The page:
Why a unilaterally declared state might be the only one that Palestine can get.
Mahmoud Abbas is in a bind. Faced with a seemingly insurmountable impasse to negotiations with Israel, the Palestinian Authority president can either resign from his PLO chairmanship or come up with some serious, unilateral action to break the deadlock. With hopes that Barack Obama would stand up to the right-wing Israeli leadership dashed, an unwillingness to return to violent resistance, and the inability to resign his presidency of the PA in protest, the Palestinian leader has no alternative but to declare a Palestinian state unilaterally.
The first question one might ask of the leader who has yet been unable to deliver a solution for his people is simply: Why not resign? Indeed fresh leadership, some argue, is just what the situation needs. But the Basic Law of the Palestinian Authority stipulates that such a resignation would prompt presidential elections within 60 days. With the recently released pro-Hamas Speaker of the Palestinian Legislative Council, Abdel Aziz Duwaik, poised to become that leader should a vote proceed, resignation is not an option for the secular Palestine Liberation Organization (PLO) leader.
So Abbas is left with unilateral action. The idea to declare independence is not new; a similar Declaration of Independence was made in Algiers in1988, setting forth Palestinians’ historic compromise by accepting the two-state solution: An independent and free state of Palestine alongside a safe and secure state of Israel. The declaration came at the height of the relatively nonviolent Palestinian uprising in the occupied territories, dubbed the intifada, and forced the PLO to accept the two-state solution as a means to end the occupation of the West Bank (including East Jerusalem) and Gaza Strip. The declaration was welcomed by more than 100 countries.
Then what happened? The unilateral declaration failed to significantly alter the reality on the ground. In the ensuing years, the Oslo peace process failed to produce an end to the occupation, and Palestinians began searching for an alternative to the talks. The process’s five-year interim period expired in May 1999, leaving many Palestinians worried that the status quo of occupation would become a permanent reality. After the failed Camp David II talks, the violence of the second intifada, and finally, the tragedy of September 11, there was little remaining chance that a unilateral action would succeed. Washington had no stomach for any Palestinian action that was opposed by Israel, and the staunchly pro-Israel U.S. Congress issued a number of sharply worded resolutions against such declarations of Palestinian statehood.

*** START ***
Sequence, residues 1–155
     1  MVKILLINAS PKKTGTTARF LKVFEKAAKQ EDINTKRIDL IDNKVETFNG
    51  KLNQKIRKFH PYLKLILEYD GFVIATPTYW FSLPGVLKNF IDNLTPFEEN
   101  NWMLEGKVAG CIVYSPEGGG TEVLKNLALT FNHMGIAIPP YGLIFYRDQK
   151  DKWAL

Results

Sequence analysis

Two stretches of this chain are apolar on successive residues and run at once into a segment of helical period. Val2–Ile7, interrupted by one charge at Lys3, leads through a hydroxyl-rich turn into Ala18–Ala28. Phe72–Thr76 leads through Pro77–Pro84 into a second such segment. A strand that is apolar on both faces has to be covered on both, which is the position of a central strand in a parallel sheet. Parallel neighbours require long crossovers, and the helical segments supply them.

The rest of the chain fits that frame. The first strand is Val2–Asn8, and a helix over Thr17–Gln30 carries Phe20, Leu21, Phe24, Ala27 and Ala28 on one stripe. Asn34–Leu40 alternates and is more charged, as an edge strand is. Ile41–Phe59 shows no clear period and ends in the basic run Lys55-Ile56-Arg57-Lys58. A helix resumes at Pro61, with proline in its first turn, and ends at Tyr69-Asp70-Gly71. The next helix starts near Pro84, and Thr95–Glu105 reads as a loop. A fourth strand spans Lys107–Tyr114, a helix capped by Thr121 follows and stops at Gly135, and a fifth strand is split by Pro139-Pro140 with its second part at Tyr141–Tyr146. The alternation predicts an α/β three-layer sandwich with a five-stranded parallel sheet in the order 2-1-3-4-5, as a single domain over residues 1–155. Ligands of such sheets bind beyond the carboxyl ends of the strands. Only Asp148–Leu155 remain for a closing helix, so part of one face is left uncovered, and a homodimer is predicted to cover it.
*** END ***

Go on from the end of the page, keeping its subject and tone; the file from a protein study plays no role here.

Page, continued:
But today is not then. A decade has elapsed since the end of the interim period, and for the last five years, the Palestinian Authority has been led by the moderate Abbas. He deeply believes in negotiations and has delivered near total security in cooperation with Israel and the United States. So while unilateralism does not provide any guarantee of success, it does offer the potential to help a frustrated leader, whose every effort has yet to yield a firm solution, sort out some of the dilemmas facing Palestinians now.
A declaration of independence would allow the Palestinians to demarcate a state covering territory that best reflects minimal Palestinian requirements -- without having to negotiate those red lines. This is particularly important because the building of Israeli settlements has continued in Palestinian territories, encroaching on the lines drawn in the Road Map. These settlements were the very reason that Mahmoud Abbas decided to give up on what appears to be a useless peace process – one that gives more and more of the Palestinians’ land away. Unilaterally declaring his own lines may be the only choice remaining.
Any such unilateral Palestinian action will also push the ball not only into the Israeli court, but into the court of Western countries, especially the United States and members of the European Union. These countries will be hard pressed to oppose a Palestinian declaration following years of failed negotiations by a moderate leader such as Abbas, who is so clearly committed to a nonviolent resolution to the conflict. Western powers would also find it difficult to refuse recognition of a state declared within the internationally recognized borders of June 4, 1967.
Israel can be expected to move quickly to nip this unilateral eventuality in the bud. Israeli leaders know that if the idea sees the light of day, it may develop a dynamic of its own. But the Palestinian leadership, the Israelis, and to a lesser degree the Americans, have only themselves to blame for allowing a conflict as volatile as that of today’s Middle East to unravel. If reaching an independent Palestinian state is in the national interest of the United States, as President Obama has said, then it would be ill advised to deny that inevitability to Palestinians -- whether they achieve it through negotiations or unilateral action.
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